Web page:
I have had this in my family for years. No one has every messed it up trying to clean it up. Does anyone here know anything about these old handguns. There is no name or serial number on it both triggers work missing one screw but seems to pretty solid. It would be nice to learn more about this old firearm any help would be greatly appreciated.
Looks like a percussion cap type gun
In Britain the pecussion lock took some time to establish itself and it was notuntil about 1820 that it began to replace the flintlock on a large scale. On the continent,however,the virtues of the new lock were immediately recogonized and the partisian gunmakers were soonmaking copies and taking outpatents based on the designof the Forsyth lock. One of the problems of the new percussion lock was how to control the rate of flow of the fulminate, and this led to another significant developement the percussion cap.
In the Complete world encyclopedia of guns ther is a picture of one that looks simular to yours, but it is a single barrel version. It is Belgian made the hammer and round trigger guard withe the 2 side screws looks simular as well as the grip.
The one in this writing says these were so succesful at the time that many of the prominent sportsman and gunmakers of the day claimed ti=o have invented it. Colonel Hawker wrote an account in :instuctions to young sportsmen" published in 1830, saying it was his idea and that the gunmaker Joe Manton (British) had altered a pellet-lock gun to his design. Gun maker Josef Egg claimed to have made a copper cap out of an old penny piece while James Purdey claimed a cap out of the brass ferrule of an umbrella. The most likely inventor, however is English bornJoshua Shaw (1776-1860), who claimed to have made a series of percussion caps, first in steel,then in pewter,then in copper, in 1816. He went to America in 1817 and was finnally granted a patent in 1822. The patent office must have believed his claim because in 1847 Congress awarded him $18,000 for the invention.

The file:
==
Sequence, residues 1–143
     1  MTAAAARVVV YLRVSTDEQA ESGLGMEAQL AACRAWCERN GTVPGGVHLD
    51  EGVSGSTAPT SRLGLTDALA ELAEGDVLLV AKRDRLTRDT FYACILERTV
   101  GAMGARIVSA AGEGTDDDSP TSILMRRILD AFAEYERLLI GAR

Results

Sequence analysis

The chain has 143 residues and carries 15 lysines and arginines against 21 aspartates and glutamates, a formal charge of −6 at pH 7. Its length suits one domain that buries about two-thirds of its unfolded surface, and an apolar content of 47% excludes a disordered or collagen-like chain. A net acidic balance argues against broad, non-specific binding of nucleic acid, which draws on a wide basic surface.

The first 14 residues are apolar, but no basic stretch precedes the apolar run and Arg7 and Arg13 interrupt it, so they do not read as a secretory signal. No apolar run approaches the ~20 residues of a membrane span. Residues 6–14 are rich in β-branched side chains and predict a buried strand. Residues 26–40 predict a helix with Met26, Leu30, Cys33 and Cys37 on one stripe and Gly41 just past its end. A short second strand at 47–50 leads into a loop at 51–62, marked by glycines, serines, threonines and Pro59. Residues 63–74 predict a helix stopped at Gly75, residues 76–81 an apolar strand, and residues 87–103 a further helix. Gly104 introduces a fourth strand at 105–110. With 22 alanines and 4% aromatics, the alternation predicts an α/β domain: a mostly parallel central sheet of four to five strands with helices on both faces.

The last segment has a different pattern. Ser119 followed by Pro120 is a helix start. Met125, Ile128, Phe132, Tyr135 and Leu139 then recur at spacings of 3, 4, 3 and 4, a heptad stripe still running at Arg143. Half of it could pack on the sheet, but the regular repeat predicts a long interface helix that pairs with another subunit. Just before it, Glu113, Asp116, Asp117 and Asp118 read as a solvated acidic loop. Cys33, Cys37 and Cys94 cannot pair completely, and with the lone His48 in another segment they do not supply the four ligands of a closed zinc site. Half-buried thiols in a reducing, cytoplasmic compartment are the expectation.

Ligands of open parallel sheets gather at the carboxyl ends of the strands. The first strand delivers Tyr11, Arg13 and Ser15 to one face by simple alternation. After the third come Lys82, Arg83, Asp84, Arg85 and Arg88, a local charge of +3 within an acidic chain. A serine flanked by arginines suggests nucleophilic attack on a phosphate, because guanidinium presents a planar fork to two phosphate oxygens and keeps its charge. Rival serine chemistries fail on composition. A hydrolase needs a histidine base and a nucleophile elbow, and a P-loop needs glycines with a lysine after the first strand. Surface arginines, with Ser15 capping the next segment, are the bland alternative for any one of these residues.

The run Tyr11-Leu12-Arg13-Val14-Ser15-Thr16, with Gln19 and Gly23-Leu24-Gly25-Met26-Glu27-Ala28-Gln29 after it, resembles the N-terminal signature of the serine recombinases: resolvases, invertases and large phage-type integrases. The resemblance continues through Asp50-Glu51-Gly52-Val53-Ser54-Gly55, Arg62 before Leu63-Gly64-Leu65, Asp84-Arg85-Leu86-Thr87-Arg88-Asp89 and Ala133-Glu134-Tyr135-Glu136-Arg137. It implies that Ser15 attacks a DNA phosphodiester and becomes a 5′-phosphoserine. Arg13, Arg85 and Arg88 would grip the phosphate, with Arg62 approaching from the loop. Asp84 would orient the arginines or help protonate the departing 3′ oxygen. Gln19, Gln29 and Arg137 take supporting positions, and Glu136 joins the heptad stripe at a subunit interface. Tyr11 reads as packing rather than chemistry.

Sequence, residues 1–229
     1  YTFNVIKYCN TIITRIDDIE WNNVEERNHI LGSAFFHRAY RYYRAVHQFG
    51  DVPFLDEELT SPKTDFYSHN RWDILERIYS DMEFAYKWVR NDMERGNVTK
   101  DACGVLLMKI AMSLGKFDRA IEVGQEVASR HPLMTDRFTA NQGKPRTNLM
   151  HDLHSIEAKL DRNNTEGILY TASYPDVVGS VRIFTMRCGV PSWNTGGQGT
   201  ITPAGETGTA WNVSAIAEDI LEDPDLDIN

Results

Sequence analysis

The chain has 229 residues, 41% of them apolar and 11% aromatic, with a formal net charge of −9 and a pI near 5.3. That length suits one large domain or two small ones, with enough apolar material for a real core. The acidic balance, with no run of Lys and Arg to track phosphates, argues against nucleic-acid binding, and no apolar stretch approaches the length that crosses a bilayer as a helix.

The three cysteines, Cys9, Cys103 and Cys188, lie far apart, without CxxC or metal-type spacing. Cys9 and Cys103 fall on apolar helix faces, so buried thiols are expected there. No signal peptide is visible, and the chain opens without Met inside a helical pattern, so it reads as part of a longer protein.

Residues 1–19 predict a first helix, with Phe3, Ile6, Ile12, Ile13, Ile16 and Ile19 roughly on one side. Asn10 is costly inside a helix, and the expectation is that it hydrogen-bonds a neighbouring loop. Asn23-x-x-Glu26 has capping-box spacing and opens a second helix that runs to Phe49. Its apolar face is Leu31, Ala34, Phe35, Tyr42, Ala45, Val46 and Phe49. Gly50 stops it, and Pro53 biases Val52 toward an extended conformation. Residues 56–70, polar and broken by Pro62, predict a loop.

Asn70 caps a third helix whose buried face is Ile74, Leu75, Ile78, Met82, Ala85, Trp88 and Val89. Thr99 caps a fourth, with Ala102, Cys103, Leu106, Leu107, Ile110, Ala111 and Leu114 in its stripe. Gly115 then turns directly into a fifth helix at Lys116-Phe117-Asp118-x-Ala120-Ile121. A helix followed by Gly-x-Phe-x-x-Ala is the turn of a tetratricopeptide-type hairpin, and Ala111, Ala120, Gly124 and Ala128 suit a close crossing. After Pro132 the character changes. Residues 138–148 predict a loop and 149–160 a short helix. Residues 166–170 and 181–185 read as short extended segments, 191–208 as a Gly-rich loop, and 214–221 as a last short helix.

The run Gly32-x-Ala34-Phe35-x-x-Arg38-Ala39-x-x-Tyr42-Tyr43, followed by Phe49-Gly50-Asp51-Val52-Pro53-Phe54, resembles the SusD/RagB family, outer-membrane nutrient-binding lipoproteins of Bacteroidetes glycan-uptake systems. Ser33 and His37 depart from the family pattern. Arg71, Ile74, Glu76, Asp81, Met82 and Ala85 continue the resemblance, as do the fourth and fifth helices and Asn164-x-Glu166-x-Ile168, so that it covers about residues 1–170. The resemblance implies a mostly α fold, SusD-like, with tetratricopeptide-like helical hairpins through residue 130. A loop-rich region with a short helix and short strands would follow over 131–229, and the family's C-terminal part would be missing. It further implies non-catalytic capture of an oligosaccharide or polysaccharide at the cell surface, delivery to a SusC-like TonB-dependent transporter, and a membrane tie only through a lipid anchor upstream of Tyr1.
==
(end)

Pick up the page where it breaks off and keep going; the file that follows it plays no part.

The earliest European patent for a percussion cap was granted to Francois Prelat, a Parisian gunmaker, in 1820 as an addition to another patent issued in 1818. However, as Prelat is known to have copied other gunmakers discoveries, it is unlikely that he actually invented it, and Joshua Shaw is the most likely inventor.
Story goes on to describe the composition of the fulminate as the primer stating it was slow to be adopted being made from potassium chlorate, sulfer and charcoal, along with other ingriedents. In 1824 a london chemist took up the manufacturing of percussion caps. He based the priming on fulminate of mercury. this was more easy to manufacture and more stable, compared to other methods.
Thier also was an invention later of an underlock percussion pistol, They are the same design but the mechanism is under the barrel in front of the trigger. Under-hammer locks, however were rare. Thier advantage was that during shooting, the flash did not impair vision.
I think that you gun was a little later design of the Joshua Shaw. Even he being the maker, Double barrel and all you know this belongs in a museum. You have a real unique piece of history. Funny ther is a picture circa 1825-1830 of some well tailored gentlemen some look as they are professionals or rather rich and some are decked out military soldiers with the big tall fury hats with feathers sticking out. They are gathered what appears to be a town hall room of sorts (very large high ceiling important place) with these type of pistols in thier hands posing and chatting. Maybe the first gun club way back in the day. picture looks like a painting of characters from the upper classes well to do. Under the picture there is a caption "Shooting was to become a fashionable activity, this is a shooting gallery in a smart part of london, c1825-1830
If i were you i would go to a barnes and noble or such and buy this book, go to page 36. As thet say in the Antique road show " At auction i wont be surprised that a pistol of this shape and vintage will sell between $750,000- 1million dollars. It was my pleasure and thanks for bringing it in."
All kidding aside, you never know. The double version of this is not even mentioned in the book. Plus you got the scroll work that may be some sought of crest. i think this was commisioned for a very important and or wealthy individual, A regular pacasso of the gun world.
Good luck in finding more about it, plaease post back with any news you may find. And no do not trade this for a new glock. Again only kidding, this is giving me goose bumps, "Very nice"